For most of the '90s, Terry LaBan was one of the best alternative cartoonists that almost nobody know, even though his incisive slice-of-life series Unsupervised Existence and Cud were published by such heavy hitters as Fantagraphics and Dark Horse. Lately, LaBan and his wife Patty have been occupied with the daily strip Edge City, which essentially transfers LaBan's hippie and punk characters to a place of middle-age respectability, with kids, jobs, and mortgages. The first Edge City collection (Andrews McMeel) is hardly groundbreaking, but it does engage the quirks and concerns of 21st-century suburban family life with a wisdom and wit that few contemporary strips manage… B

Continuing its mission to preserve the best of old cartooning alongside the best of the new, Drawn & Quarterly brings back into print Charles Briggs' Oh Skin-Nay!: The Days Of Real Sport, a collection of turn-of-the-century schoolboy gags accompanied by some flavorful Wilbur D. Nesbit doggerel. Recently featured in Seth's 40 Cartoon Books Of Interest, Oh Skin-Nay! is dated in the best way, reminding readers of trends long-gone, and how in some ways, kids never change… A-

Xavier Robel and Helge Reumann's Elvis Road (Buenaventura) isn't comics in the traditional sense, but it's in the vein of a lot of contemporary art-comics creators' sketches of crowded, wordless tableaux that could take lifetimes to decipher. Whether it's worth the effort is a matter for debate, but the way Robel and Reumann fill page after page—and string the pages together in an ingenious book design that compacts about 20 feet of drawings into one uncut sheet—is certainly something to see… B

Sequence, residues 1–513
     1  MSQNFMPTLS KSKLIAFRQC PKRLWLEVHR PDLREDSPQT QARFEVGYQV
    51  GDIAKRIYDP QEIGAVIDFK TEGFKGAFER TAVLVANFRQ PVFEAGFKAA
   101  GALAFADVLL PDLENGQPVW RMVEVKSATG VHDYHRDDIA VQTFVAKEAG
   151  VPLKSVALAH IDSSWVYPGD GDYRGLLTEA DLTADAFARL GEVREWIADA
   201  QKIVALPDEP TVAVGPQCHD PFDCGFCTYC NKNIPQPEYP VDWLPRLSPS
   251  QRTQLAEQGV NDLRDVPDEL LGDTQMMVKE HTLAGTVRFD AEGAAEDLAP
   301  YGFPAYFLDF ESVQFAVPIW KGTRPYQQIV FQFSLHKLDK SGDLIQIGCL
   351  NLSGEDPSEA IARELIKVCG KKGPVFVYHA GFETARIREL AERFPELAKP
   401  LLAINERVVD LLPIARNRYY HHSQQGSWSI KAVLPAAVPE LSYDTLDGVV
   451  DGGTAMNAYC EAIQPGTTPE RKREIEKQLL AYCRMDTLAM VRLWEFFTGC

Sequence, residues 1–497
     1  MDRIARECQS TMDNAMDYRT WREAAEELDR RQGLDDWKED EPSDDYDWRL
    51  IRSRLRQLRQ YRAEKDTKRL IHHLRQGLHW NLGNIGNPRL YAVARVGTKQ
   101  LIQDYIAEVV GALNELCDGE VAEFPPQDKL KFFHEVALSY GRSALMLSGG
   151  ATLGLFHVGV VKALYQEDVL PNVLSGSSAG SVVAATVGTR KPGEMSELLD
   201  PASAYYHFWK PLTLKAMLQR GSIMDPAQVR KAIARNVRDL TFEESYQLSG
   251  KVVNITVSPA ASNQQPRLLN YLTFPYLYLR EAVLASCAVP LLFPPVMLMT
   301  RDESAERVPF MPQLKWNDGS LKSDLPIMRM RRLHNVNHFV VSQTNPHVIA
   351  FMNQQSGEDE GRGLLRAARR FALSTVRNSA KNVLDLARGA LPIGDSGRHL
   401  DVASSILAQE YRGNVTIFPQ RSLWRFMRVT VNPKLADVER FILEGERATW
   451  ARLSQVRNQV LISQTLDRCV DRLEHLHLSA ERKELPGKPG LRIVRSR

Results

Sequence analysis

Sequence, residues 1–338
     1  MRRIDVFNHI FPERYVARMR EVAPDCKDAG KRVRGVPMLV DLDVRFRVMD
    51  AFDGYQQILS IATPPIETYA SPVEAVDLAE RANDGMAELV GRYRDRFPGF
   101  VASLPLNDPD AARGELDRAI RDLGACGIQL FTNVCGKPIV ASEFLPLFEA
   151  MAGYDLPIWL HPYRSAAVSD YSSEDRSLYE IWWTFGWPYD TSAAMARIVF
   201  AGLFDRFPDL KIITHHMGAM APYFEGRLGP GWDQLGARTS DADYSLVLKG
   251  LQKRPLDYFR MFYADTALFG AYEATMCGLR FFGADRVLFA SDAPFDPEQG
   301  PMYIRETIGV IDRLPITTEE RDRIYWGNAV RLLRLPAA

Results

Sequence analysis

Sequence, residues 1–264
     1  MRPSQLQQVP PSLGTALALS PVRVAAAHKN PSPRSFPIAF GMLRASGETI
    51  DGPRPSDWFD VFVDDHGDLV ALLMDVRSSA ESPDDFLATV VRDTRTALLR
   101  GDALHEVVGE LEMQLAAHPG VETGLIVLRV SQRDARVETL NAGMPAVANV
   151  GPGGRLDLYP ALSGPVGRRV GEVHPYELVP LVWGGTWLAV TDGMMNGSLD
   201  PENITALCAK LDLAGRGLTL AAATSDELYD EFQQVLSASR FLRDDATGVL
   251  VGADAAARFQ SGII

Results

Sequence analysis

Sam Kieth (The Maxx, Zero Girl) comes at every story he touches from a surreal, twisted angle, and Batman: Secrets (DC) is no exception, though it's odd to see him handling such an old superhero warhorse when he's produced such vibrant original work. As Batman books go, Secrets is relatively interesting, with a smart story about the Joker seizing on the mass media's image-hungry superficiality, but all Kieth's visual and textual references to books like Arkham Asylum and The Killing Joke seem less like respectful homages than like reminders of how overworked the Batman ground is, and how hard it is to take it somewhere fresh… Paul Pope fares a little better with Batman: Year 100 (DC), which revives the franchise in a grimy dystopian future where new police captain Jim Gordon struggles with his fascist state on behalf of a new Caped Crusader. Far from Batman Beyond, this is a tawdry, depressing, Orwellian world well suited to Pope's aggressively cramped visual style… Secrets: C+, Year 100: B